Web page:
Baptists and Bible Translations

By Durso, Pamela R. | Baptist History and Heritage, Spring 2007 | Go to article overview

Baptists and Bible Translations


Durso, Pamela R., Baptist History and Heritage


In 1914, Kentucky Baptist pastor J. W. Porter wrote, "Baptists have, in spite of their poverty and persecution, led all others in their efforts for translating and circulating the Scriptures." (1)

Clearly, Porter overstated his case, but his words do remind us that Baptists, especially early Baptist missionaries, have contributed much to the important task of translating the Bible.

William Carey (1761-1834), the first Baptist missionary, arrived in India in 1793 to begin a long, productive ministry. Self-taught but with an exceptional gift for language, Carey quickly recognized that India was populated by numerous linguistic groups and that each of these groups would need to have the scriptures translated into their own language. He set out to learn Bengali and then Sanskrit.

Colleagues Joshua Marshman and William Ward arrived in India in 1799, and over the course of the next thirty years, the three missionaries produced six complete translations of the Bible and twenty-three translations of the New Testament. Carey himself did the translation work in Bengali, Hindi, Oriya, Marathia, and Sanskrit. (2) He was also instrumental in the translation work in Punjabi, Pashto, Kashmiri, Telegu and Konkani. (3) P. Sam Daniel, in "William Carey's Contribution to Indian Languages," estimated that Carey "worked or influenced heavily the translation of the Bible into as many as thirty-five languages." Daniel further suggested that "Carey was breaking new grounds and laying the path for the development of these languages as vehicles of education." (4)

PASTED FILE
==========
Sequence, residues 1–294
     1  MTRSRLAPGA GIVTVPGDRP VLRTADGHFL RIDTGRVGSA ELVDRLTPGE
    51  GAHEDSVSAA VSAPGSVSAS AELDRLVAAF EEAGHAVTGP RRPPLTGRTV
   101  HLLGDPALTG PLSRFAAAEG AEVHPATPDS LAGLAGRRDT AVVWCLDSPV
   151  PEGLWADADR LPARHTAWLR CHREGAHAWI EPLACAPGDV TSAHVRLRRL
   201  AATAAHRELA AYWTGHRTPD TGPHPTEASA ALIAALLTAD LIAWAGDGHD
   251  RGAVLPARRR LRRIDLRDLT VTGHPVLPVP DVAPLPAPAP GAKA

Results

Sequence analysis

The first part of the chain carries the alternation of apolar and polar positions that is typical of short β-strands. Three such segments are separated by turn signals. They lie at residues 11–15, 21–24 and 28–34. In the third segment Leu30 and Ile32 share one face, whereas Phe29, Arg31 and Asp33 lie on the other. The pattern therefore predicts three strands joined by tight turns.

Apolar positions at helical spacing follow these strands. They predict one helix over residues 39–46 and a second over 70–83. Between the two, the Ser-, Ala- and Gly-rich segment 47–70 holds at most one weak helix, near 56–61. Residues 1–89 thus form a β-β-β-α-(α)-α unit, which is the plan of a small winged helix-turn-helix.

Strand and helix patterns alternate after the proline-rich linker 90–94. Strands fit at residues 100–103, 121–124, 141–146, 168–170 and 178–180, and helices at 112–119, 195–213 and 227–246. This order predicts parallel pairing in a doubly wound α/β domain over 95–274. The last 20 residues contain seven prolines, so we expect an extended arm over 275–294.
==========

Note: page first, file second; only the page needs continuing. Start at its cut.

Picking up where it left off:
Ellen Howard Cushing (1840-1915) was another Baptist missionary translator. In 1866, she met and married Josiah Nelson Cushing. That same year, the couple sailed to Burma to serve as missionaries. The Cushings established a new station in northeast Burma in order to work with the seven million Shans living in that area. Together they translated the gospels into Shan and produced the first English-Shan dictionary and a Shan grammar book. Following several illnesses, the birth of a son, and periodic separation from her husband who was serving several villages simultaneously, an exhausted Ellen and her son returned to the United States in 1880. …

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